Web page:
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Analysis

Ex-Execs at Outcome Health Charged in $1B Fraud Scheme

By John Commins  
   November 26, 2019

The co-founders of the start-up allegedly enriched themselves by fraudulently inflating revenues and the extent and effect of their advertising.

Four former executives at Outcome Health have been charged with fraud in an alleged $1 billion scheme that cooked the books on revenues and lied to investors and clients about the reach of its advertising inventory, the Department of Justice said.

An indictment alleging wire fraud, bank fraud, mail fraud, and related charges was unsealed this week in a federal court in Chicago against:

  • Rishi Shah, 33, of Chicago, the co-founder and CEO of Outcome Health, known as ContextMedia before January 2017;
     
  • Shradha Agarwal, 34, of Chicago, co-founder and president of Outcome Health;
     
  • Brad Purdy, 30, of San Francisco, COO/CFO; and
     
  • Ashik Desai, 26, of Philadelphia, executive vice president of business operations and chief growth officer.

Also indicted were Kathryn Choi, 29, of New York, and Oliver Han, 29, of Chicago, both former analysists at the company.

The indictment alleges that, from 2011 to 2017, the alleged schemers at privately held Outcome – which provides physician waiting rooms with video screens featuring health tips and drug ads – sold tens of millions of dollars of advertising inventory that did not exist, mostly to drug companies. Despite these under-deliveries, Outcome allegedly still billed clients as if it had delivered in full.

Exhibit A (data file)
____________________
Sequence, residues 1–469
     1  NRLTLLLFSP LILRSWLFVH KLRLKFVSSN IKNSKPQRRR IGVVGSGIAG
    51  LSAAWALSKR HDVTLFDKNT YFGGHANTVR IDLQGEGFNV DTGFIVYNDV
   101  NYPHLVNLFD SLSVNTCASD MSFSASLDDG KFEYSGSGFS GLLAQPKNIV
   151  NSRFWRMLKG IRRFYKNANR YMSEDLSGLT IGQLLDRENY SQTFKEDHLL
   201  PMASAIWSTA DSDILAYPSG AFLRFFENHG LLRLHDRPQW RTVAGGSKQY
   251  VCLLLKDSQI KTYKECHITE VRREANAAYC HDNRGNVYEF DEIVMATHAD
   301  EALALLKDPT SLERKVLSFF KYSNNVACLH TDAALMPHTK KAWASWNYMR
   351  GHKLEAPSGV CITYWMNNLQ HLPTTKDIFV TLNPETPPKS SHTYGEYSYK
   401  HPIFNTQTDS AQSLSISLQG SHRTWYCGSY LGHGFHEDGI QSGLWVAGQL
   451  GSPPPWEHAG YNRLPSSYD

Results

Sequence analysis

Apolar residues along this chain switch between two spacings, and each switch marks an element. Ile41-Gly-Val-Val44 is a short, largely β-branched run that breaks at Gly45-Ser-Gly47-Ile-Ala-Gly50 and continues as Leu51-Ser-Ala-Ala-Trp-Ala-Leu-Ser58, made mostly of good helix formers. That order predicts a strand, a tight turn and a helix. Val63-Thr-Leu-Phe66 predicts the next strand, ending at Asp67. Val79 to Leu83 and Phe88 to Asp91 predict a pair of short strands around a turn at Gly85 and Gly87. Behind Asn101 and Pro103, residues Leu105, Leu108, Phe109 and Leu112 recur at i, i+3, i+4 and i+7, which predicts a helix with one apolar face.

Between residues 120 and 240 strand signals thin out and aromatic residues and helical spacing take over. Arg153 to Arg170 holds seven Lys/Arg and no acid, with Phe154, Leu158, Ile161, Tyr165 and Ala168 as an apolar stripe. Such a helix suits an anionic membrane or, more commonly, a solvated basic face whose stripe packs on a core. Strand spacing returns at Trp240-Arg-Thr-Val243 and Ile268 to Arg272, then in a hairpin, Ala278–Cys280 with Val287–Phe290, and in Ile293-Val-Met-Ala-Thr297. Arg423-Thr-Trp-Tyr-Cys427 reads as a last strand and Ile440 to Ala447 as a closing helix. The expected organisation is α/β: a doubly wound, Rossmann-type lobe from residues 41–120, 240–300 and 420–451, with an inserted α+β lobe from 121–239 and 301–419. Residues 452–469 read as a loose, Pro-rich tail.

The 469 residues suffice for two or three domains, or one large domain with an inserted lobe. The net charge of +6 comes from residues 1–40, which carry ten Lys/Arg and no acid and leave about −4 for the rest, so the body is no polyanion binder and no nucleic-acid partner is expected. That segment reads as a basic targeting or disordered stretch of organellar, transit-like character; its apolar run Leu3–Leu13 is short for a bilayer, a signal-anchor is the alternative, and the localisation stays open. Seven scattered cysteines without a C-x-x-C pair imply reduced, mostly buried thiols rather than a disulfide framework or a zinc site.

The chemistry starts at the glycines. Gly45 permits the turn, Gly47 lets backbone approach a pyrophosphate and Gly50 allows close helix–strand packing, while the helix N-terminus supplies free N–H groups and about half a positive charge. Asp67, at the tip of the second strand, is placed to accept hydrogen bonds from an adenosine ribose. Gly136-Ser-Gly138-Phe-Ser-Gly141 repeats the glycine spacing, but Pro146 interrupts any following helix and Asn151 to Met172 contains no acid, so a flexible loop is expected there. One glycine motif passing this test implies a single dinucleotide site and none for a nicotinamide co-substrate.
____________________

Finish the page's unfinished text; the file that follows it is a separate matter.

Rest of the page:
Using the claims of the bogus inventory, the scheme allegedly inflated financial statements that the former executives used to raise nearly $1 billion in debt and equity financing in 2016 and 2017.

To conceal the alleged fraud, the indictment claims that the former executives and employees allegedly falsified affidavits and proofs of performance to make it appear the company was delivering advertising content to the number of screens in its clients' contracts.

The scheme also allegedly inflated patient engagement metrics regarding how frequently patients engaged with Outcome’s tablets, and altered studies presented to clients to make it appear that the campaigns were more effective than they were.

The company's outside auditor signed off on the 2015 and 2016 revenue numbers because Purdy, Desai, Choi and Han allegedly fabricated data to conceal the under-deliveries, the indictment says. 

The former executives allegedly used the inflated revenue figures to raise $110 million in debt financing in April 2016, $375 million in debt financing in December 2016 and $487.5 million in equity financing in early 2017.

The $110 million debt financing allegedly resulted in a $30.2 million dividend to Shah and a $7.5 million dividend to Agarwal. The $487.5 million equity financing allegedly resulted in a $225 million dividend to Shah and Agarwal.

Shah and Shradha resigned in 2018 after Outcome reached a fraud settlement with investors. In October, the company agreed to pay $70 million to the federal government to resolve fraud allegations.

John Commins is a content specialist and online news editor for HealthLeaders, a Simplify Compliance brand.

Photo credit: Mark Van Scyoc / Shutterstock.com


KEY TAKEAWAYS

The indictment alleges that, from 2011 to 2017, the alleged schemers at privately held Outcome sold tens of millions of dollars of advertising inventory that did not exist.

Despite these under-deliveries, Outcome allegedly still billed clients as if it had delivered in full.

The scheme allegedly inflated financial statements that the former executives used to raise nearly $1 billion in debt and equity financing.


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